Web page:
I started therapy one month ago - probably 44 years late. Today was my third session. When a friend asked before my appointment if I was feeling better, I said no. I compared it to surgery. I said, "It's like before I can be fixed, they have to cut me open and look inside. And what's inside hurts a lot.... more than it hurt before they cut me open." The pain that is inside of me started with the trauma of being sexually assaulted 44 years ago when I was only 13. But more painful than the pain of that event was (and still is) the pain of not being heard. #IStandWithHer because nobody stood with me.
The predator was my mother's friend. It was 1975, when child safety instruction emphasized looking both ways before crossing the street and the threat of “stranger danger.” Do not trust strangers. Do not talk to strangers. Do not go anywhere with strangers. Do not accept anything from strangers. There was all this emphasis on strangers when we now know that the perpetrators of sex offenses against children are most likely to involve people the children know.
Although my mother was not a witness to or aware of any of the offenses, she was there. Blinded and deafened by the comfort and complacency of being with her friends, people she trusted. In one incident, my mother was sitting right next to me in the backseat of the car with her friend, the predator, on my other side, groping and grabbing. But it was dark. And she had been drinking. And he was her friend. And his wife was driving. So there was no perception of danger. No suspicion about why he wanted to sit next to me in the backseat when the front seat was empty.
There was no suspicion again the next morning when he wanted to take me alone to his cabin many miles away, deep in the woods. I begged my mother not to make me go, I begged her to bring us home, but she chastised me. I was embarrassing her. I was ungrateful. These were her friends.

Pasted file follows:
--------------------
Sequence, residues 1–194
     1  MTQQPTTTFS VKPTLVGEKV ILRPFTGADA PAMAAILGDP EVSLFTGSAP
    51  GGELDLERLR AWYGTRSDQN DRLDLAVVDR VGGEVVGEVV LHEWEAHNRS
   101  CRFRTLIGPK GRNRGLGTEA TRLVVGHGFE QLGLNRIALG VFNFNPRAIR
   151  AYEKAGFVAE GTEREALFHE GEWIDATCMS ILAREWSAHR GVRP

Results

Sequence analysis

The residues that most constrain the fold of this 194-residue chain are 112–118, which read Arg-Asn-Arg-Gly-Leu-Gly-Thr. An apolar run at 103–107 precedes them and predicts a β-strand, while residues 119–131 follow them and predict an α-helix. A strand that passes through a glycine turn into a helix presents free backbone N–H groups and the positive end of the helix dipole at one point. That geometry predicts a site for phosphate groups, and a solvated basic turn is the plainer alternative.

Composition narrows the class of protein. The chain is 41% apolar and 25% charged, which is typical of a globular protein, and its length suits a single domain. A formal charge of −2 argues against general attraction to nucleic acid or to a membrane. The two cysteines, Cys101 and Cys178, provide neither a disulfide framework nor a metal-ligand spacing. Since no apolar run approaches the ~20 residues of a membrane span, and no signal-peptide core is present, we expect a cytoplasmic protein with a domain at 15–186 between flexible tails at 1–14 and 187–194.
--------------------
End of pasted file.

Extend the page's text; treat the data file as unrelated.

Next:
I couldn’t say the words I needed to say. Nobody taught us those words. And the words for our body parts were considered dirty. We weren’t supposed to say them. But she was my mother. She loved me. I was certain that she could see my terror, feel my fear, hear my silent cries for help. She didn’t. She fed me to the lion, her friend.
Weeks later, back at home, I broke into tears while visiting a friend. When she asked what was wrong, I told her I was raped. She was also 13 and had no idea what to say. So she said nothing. But she told her mother, and her mother called my mother, and my mother called me into the kitchen. She looked at me with cold and accusing eyes and asked in a hostile tone if there was anything I wanted to tell her. I braced myself against the pink countertop in my grandparents’ old kitchen, holding on so that I would not collapse.
I said ‘no’. She asked again and again and I said ‘no’. It was an inquisition. She was treating me with contempt. Then she asked if anything happened during our weekend in the Poconos. She knew. She knew. Why is she acting like I did something wrong?
I said ‘no’ again. Then she asked pointedly, as if I was the criminal, “Did Kenny rape you?” Finally, I said “yes.”
But she asked again, incredulously. “He raped you?!”
“Do you even know what rape means?”
I hesitated. I thought I knew. I thought it was the right word. “Yes.”
“Did he put his penis inside of you?” My body tensed and my stomach lurched at the sound of that word.
I gripped the counter harder. I felt myself slipping. I wanted someone to hug me and hold me and wipe away my tears. I had been assaulted. I felt like I was being assaulted again. I was a child. Why is she angry at me? He did not put his penis inside of me. He did other things, used other things, tried to get me in the bed with him. He wanted to put his penis in me. But I finally found my voice, grabbed the two sides of the doorframe leading to his big canopy bed, and made him stop.
What is the word for what he did to me? I can’t describe it, it’s too much... too painful.
Again… “Did he put his penis inside of you?”
In her mind, there was nothing left to say. In her mind, I was a liar. In my mind, now my mother had betrayed me too. She failed to protect me and keep me safe. She failed to give me the comfort and assurances to tell my story. She robbed me of my safe place… my safe person. She didn’t listen. She didn’t believe me. And 44 years later, I have started therapy to try to heal because... she did not stand with me.
That is why #IStandWithHer and #IStandWithHim and #IStandWithEveryone. Look. Listen. Love. Empathize. The severity of trauma experienced by a person can be mitigated when #YouStandWithThem. If you can’t be that person for someone else, help them to find someone who can. Do not leave them alone.